MEMPHIS, Tenn. – Phil Mickelson made it clear when he reached the half-century boundary that he was a reluctant senior.
“I haven’t thought about it a lot,” was all he would allow just days before his 50th birthday last month, and when he was asked about playing the PGA Tour Champions his demeanor could best be described as aloof.
For Phil, 5-0 is just a number to be examined and maximized. Despite the milestone, he’s no closer to his golden years than he was when he won a PGA Tour event as a college student, at least not in that complicated heart of his.
This is where he’s spent the better part of nearly three decades and if June 16, his birthday, came and went without anyone noticing that was fine by him. But while the mind and wildly transformed body have remained willing his game has become a reluctant participant in recent months.
Since winning last year at Pebble Beach he’s posted just a single top-10 finish (also at Pebble Beach) and at 71st in the world ranking he needed some pandemic driven adjustments to even qualify for the U.S. Open.
His play through two rounds at TPC Southwind, which has become something of a bittersweet second home, were daily snapshots of everything that’s been holding him back. Six birdies, three bogeys on Day 1; four birdies, four bogeys the next day. Lefty’s game has always been something of a rollercoaster under the best of circumstances, but for too long it has seemed as if the ride only went in one direction – down.
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When he bogeyed the par-4 second hole it appeared as if Saturday at the WGC-FedEx St. Jude Invitational would be another one of those days, but he rebounded with birdies at Nos. 4, 6, 8 and 9. He added three more before his day was done and finished tied for sixth place and five shots off the lead. Not great, but not out of it.
“I was 1 over through three and on the fourth tee I said to Tim [Mickelson], ‘This is so much fun,’” Lefty smiled with the energy of a man half his age. “I’m having so much fun because I can feel my game turn around, I’m starting to play well again, I’m starting to putt well and starting to drive the ball well and it just feels good.”
He really hadn’t been doing any of those things well the last year or so and his poor play was starting to impact his schedule. He narrowly qualified for this week’s World Golf Championship thanks to an alternate list that was introduced this year.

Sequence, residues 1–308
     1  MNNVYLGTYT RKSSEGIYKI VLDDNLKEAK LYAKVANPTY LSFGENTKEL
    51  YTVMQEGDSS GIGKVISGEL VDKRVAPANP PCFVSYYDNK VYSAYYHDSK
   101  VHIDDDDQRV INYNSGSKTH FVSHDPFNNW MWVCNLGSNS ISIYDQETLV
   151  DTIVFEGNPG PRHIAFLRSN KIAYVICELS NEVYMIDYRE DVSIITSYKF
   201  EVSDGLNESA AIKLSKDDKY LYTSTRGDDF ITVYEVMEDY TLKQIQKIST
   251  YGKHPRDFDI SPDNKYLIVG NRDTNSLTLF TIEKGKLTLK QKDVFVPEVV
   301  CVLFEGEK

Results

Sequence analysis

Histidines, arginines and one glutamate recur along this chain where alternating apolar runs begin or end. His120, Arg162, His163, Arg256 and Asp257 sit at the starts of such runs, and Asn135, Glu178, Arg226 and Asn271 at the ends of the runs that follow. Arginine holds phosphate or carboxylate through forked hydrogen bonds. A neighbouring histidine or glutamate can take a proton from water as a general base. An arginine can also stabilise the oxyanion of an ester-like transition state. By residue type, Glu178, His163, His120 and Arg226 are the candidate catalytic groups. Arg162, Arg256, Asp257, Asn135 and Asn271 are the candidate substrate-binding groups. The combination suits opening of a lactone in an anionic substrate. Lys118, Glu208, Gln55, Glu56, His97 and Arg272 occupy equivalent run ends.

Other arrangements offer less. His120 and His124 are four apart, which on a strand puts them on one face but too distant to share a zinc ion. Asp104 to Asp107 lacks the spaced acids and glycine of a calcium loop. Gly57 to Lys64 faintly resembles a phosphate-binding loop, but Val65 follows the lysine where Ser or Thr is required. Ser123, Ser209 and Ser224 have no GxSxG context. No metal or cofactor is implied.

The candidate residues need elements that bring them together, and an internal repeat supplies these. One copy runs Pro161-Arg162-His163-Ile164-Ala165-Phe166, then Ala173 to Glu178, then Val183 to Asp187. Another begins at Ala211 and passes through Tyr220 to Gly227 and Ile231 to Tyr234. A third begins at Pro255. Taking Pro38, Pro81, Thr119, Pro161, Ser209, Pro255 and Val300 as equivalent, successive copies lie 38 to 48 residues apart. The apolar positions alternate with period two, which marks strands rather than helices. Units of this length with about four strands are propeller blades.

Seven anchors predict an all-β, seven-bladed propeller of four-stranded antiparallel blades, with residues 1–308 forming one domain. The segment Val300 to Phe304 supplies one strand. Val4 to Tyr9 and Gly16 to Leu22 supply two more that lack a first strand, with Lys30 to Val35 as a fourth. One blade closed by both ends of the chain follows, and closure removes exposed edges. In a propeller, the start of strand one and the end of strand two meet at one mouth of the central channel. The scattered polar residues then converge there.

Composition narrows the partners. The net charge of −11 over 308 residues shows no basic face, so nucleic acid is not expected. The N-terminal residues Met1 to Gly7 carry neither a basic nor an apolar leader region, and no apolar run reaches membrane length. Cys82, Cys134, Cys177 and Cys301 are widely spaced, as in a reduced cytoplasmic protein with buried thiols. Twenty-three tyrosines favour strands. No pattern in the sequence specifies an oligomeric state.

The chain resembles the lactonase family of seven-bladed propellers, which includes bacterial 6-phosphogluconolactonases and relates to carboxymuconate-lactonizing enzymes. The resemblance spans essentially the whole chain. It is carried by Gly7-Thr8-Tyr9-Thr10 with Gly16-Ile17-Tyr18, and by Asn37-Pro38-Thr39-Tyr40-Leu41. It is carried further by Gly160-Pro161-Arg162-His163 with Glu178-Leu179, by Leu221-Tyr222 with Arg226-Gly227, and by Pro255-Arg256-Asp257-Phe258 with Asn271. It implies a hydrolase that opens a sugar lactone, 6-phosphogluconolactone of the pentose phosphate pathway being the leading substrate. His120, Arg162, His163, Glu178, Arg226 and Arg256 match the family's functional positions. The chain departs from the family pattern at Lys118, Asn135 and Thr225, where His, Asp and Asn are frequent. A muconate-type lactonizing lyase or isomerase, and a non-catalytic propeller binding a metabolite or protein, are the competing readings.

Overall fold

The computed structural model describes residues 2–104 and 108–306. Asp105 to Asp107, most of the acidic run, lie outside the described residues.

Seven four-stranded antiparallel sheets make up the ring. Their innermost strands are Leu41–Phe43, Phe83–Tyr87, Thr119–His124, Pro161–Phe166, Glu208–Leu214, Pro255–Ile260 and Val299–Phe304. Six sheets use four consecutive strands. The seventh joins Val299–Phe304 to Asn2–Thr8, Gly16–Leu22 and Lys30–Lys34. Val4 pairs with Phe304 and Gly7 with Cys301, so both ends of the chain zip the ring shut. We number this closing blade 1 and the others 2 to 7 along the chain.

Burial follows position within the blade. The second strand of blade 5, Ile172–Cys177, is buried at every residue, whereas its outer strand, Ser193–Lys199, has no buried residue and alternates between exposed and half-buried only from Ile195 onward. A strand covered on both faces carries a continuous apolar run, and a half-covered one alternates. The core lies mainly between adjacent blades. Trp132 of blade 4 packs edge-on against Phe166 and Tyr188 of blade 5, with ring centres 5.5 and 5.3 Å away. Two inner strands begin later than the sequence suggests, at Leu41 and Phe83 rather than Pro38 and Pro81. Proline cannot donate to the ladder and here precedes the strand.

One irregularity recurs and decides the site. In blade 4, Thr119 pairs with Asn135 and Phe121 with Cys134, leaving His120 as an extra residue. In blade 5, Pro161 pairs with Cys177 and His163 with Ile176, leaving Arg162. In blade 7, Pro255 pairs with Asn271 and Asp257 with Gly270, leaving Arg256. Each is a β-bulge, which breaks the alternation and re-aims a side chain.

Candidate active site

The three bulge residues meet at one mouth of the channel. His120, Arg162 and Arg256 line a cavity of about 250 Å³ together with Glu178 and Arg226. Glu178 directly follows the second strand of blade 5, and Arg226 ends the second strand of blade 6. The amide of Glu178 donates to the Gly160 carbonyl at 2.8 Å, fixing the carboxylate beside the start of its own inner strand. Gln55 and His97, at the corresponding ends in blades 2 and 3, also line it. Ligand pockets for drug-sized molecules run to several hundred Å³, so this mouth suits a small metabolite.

Lefty’s current plight is so surreal that he actually considered playing this week’s event on the PGA Tour Champions. Although he seemed to outright dismiss the idea of competing on the over-50 circuit in the past, the chance to work on his game the week before the season’s first major championship inspired him to think outside the box.
“I think I would enjoy playing Warwick Hills [site of this week’s PGA Tour Champions event]. It’s a fun opportunity for me to look at both schedules, which I’ve never really done, and say what’s the best way to prepare,” he said. “If they play Sugarloaf [which used to host a Tour event before the Masters] the week before the Masters, I think that’s a much better place to prepare historically for me. I’ve won at Sugarloaf and then won the Masters the next week. I’ll end up probably playing there instead of wherever the Tour is.”
That he’s playing well in Memphis should be no huge surprise. Before the event was swallowed up by the World Golf Championship, Phil finished runner-up at TPC Southwind twice and he has six top-25 finishes in eight starts.
For Mickelson, the Memphis stop has always been the perfect tune-up for the U.S. Open before it was relocated on the Tour calendar last year, and with the PGA Championship looming next week Saturday felt like old times.
“It’s a really good golf course,” he said. “It punishes any mis-hit off the tee. When you’re trying to hit these greens that are so small out of the rough, it’s really tough.”
Although he’s been inspired by his solid play this week he’s also realistic. Starting the final round trailing the likes of Brooks Koepka, Justin Thomas and Rickie Fowler isn’t a recipe for success. That kind of wisdom comes with age.
“I’m going to have to shoot something really low, probably 63, 64 to have a realistic chance. It’s certainly out there, I’ve shot it before,” he said.
Lefty might be too far back. He might be too old to seriously contend against an increasingly younger generation, but that doesn’t mean he has any interest in not trying.